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As of sometime this June, Mira Henderson and her Ghost Light Café will have a new permanent location at 188 King Street South. It’s very near the Bauer Lofts in Waterloo.
The small business has done well despite the pandemic, so congrats and best wishes!
Ghost Light Café
104-141 Whitney Place
Kitchener, ON N2G 2X8
[Previously published] Imagine a humble, bare light bulb sitting at darkened centre stage: the ghost light is a time-honoured theatre tradition, one of mythic dimension, that has also inspired a Kitchener baker in starting a pandemic business.
For Mira Henderson and her Ghost Light Café, making croissants has grown out of a love of cooking and baking that started when she was nine years old.
Henderson, 22, was, before the pandemic, in the final year of a B.A. in theatre at the University of Waterloo. Heading into a commercial kitchen only a few months ago has become the first step to a larger goal.
“Once the pandemic hit and school was closed and my part-time job was closed, I fell into baking more as something to do. It snowballed from there,” Henderson says of her growing business.
At the same time, in conversation with friends, she started talking about what she calls the great arts culture that is part of Waterloo Region.
“What I see is a gap in spaces specifically curated for artists, especially during the pandemic and with the closure of Chainsaw, Starlight and Rhapsody,” she notes.
Her goal, therefore, is use Ghost Light Café, currently working out of The Courtyard Kitchens at Whitney Place, Kitchener, as a foundational step to opening a café or bar that is dedicated to fostering arts in the community.
She envisions a café by day “that’s designed to encourage creativity” and then at night a space which celebrates the local arts culture.
I think it’s a good idea – and one made better by some laminated pastry.
The croissant was a big part of the impetus – but almost accidentally so, she laughs. “My dad is a huge croissant fan and in April it seemed like I needed a challenge, so I started making croissants. It something that you can’t cut corners with,” says Henderson.
As part of a genre known as Viennoiserie, croissants are a “laminated” pastry that first appeared on the global scene at the 1889 Paris World’s Fair, but it wasn’t until the 1920s that they became the flakey, butter-rich creations we enjoy today.
The layers of buttery dough, time for rising and fermentation, repeated folds, resting and chilling before being rolled thin and cut into triangles and shaped, the croissant, when baked, puffs up dramatically and shatteringly crisp with a moist, buttery yet delicate interior.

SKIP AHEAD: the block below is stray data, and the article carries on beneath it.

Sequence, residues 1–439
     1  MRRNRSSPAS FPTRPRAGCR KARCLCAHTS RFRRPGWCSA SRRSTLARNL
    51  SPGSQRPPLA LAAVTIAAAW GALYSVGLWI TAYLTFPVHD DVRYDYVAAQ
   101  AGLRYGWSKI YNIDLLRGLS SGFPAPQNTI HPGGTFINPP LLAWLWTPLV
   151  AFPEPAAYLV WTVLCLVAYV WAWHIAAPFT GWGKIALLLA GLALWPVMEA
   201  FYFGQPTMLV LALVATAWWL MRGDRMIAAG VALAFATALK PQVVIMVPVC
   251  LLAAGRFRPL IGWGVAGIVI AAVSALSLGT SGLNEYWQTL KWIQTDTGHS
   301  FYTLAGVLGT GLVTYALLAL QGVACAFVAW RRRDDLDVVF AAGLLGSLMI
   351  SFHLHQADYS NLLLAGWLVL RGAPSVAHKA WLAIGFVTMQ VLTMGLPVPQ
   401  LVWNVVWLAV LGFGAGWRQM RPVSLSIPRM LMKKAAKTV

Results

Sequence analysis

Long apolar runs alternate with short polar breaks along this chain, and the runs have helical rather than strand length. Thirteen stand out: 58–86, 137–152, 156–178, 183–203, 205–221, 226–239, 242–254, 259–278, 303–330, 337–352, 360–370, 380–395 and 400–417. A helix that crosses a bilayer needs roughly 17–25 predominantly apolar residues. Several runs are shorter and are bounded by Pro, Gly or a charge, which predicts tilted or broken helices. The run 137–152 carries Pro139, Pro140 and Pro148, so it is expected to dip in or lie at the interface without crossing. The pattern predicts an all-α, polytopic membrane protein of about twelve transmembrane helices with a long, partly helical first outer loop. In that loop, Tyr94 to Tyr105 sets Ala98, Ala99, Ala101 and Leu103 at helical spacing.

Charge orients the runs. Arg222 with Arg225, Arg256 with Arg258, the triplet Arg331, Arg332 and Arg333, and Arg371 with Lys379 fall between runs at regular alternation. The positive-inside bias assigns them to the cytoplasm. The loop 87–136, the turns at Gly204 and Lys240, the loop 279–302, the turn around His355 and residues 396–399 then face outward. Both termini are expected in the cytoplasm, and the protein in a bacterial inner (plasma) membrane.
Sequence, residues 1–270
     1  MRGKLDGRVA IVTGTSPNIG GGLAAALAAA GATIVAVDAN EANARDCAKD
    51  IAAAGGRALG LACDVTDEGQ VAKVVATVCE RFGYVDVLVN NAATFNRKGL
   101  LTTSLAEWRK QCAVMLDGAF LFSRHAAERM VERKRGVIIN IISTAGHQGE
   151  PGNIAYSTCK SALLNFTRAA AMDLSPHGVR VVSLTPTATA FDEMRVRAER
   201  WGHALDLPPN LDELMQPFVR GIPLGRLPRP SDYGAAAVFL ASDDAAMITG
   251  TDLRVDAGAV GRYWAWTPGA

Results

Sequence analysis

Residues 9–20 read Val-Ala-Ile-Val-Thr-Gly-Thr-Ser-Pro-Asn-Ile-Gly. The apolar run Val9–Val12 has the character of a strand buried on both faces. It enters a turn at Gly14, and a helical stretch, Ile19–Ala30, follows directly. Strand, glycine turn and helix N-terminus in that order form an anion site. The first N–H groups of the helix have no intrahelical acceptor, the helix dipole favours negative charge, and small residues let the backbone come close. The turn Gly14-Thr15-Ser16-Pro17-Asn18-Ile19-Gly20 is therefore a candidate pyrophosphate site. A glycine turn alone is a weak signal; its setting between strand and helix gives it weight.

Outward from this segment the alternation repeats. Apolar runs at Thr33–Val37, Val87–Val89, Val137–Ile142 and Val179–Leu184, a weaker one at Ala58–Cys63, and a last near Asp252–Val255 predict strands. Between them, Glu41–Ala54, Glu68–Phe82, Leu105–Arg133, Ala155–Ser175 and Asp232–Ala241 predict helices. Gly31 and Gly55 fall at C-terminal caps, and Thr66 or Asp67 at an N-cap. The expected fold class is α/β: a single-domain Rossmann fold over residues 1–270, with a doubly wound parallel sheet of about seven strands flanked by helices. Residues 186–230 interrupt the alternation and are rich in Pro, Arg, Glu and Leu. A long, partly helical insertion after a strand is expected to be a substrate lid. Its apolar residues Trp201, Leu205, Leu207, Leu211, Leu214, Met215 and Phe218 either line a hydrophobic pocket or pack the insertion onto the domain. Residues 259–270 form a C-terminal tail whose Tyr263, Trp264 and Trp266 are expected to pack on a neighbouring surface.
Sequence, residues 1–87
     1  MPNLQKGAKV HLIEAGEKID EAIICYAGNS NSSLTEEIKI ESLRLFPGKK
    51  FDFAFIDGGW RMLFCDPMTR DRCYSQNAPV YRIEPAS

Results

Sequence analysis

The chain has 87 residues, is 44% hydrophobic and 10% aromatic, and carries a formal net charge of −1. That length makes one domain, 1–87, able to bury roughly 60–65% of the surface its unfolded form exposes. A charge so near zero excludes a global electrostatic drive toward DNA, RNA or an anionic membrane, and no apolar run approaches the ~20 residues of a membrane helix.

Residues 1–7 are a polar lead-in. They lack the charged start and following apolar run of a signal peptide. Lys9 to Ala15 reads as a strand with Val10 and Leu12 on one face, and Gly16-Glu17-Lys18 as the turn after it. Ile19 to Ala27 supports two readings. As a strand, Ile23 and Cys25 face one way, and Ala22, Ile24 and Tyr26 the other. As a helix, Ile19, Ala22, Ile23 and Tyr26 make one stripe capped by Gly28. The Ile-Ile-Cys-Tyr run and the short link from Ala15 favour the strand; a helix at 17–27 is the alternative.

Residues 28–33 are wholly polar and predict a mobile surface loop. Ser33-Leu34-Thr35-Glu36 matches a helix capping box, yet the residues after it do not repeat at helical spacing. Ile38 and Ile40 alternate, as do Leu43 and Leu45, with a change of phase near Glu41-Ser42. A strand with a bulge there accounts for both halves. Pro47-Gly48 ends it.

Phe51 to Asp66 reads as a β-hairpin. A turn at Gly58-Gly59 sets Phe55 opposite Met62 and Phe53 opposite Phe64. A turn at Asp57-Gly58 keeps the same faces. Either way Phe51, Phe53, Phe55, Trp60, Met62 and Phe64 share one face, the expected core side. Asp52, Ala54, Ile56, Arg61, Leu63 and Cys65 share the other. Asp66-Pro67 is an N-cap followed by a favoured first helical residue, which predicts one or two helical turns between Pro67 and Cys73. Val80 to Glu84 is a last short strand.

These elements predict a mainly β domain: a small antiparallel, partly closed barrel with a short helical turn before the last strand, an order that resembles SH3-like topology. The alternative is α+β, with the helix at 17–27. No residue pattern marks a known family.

Henderson says some time spent in Montreal piqued her interest in croissants even more, adding that the pastries have become an all-in commitment. “When I started making croissants, I thought I could pursue this as a business. Now I look back and I say that I just created a business.”
Renting commercial kitchen space, next to the production facility of the highly successful Four All Ice Cream, for a few hours has been the epicentre of honing her croissant skills.
Friday is prep day and Saturday morning is pick-up time for customers who have pre-ordered earlier in the week.
She sold 14 dozen last week and estimates she would hit her maximum production at about 20 dozen.
The croissants are entirely hand-made. “All I have are the ingredients, my hands and a rolling pin that a carpenter friend made for me out of an old piano leg,” Henderson says. It’s a beautiful piece of art as well as a functional tool.
She makes the buttery classic croissant as well as pain au chocolate (or chocolatine), Cheddar-garlic, blueberry pie, and chile-lime versions.
Local croissant bakers often encounter difficulty with most commercially produced butter in Ontario: it has a higher water content (more than, say, the butter that croissant-makers in France use) that affects the mechanics of the baking and the flavour and texture of the end result.
“I originally got only mediocre results with basic grocery-store butter. Another butter with added colour was a complete disaster,” she says. “But I did some research and what I do is take Canadian butter which has about 80 percent fat content and get it up to between 82 and 84 percent.”
She does that by taking about 20 percent of a pound of butter and clarifying it, which boils off some water. The clarified butter is cooled and blended back into the pound, now with a higher fat content.
As Henderson continues to tweak and hone her croissant production out of The Courtyard Kitchen facility, the name Ghost Light Café is a place holder, act one perhaps, for what she hopes will be a robust arts-based business in the future.
The term is from the theatre: a ghost light is that small, bare light bulb that illuminates the stage after the performance is over, the actors and crew have gone home and the building is closed for the night. It stands guard as a sort of mythic sentinel until the theatre next re-opens.
“There’s lots of theatre lore around the ghost light, but there’s something even more poignant during the pandemic when you think of theatres, now closed, never going dark and enduring,” says Henderson.
The theatre allusion and the hope within it, it seems to me, is a perfect metaphor to apply to virtually all of our institutions during this darkened period the entire world is experiencing: the planet’s ghost light is waiting, steadfast, as we anticipate a return to our normal performances.
Munching a warm, buttery croissant with a good cup of strong coffee is very comforting until that time.
For more information about Ghost Light Café, visit ghostlightcafe.com.